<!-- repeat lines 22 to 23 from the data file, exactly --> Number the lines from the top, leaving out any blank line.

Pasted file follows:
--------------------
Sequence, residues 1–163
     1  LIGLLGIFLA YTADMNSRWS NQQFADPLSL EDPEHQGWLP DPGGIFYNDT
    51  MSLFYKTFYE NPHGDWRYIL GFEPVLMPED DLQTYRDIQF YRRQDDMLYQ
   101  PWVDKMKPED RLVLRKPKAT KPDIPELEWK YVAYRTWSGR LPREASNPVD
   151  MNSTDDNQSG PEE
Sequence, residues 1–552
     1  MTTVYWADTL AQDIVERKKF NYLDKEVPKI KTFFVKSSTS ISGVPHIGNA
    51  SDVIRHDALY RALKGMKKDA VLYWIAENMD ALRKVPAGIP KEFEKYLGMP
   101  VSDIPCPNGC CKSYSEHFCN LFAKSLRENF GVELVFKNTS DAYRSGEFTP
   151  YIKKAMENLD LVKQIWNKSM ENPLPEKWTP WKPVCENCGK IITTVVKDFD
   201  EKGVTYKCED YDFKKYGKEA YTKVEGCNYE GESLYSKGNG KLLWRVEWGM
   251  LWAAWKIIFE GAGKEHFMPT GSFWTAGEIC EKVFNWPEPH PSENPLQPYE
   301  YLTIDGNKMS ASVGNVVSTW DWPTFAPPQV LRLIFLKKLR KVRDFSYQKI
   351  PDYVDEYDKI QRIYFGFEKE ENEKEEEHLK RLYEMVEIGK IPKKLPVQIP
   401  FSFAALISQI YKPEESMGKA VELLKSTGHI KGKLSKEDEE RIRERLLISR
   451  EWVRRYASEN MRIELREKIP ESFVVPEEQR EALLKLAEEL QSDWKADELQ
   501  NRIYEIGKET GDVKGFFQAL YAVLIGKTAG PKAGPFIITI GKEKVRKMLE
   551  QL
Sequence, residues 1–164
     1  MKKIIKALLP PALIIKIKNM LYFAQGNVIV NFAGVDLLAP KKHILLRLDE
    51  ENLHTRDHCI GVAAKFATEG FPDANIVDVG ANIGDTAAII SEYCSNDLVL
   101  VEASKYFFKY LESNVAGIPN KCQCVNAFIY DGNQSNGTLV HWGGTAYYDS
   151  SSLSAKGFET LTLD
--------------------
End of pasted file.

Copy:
   101  VEASKYFFKY LESNVAGIPN KCQCVNAFIY DGNQSNGTLV HWGGTAYYDS
   151  SSLSAKGFET LTLD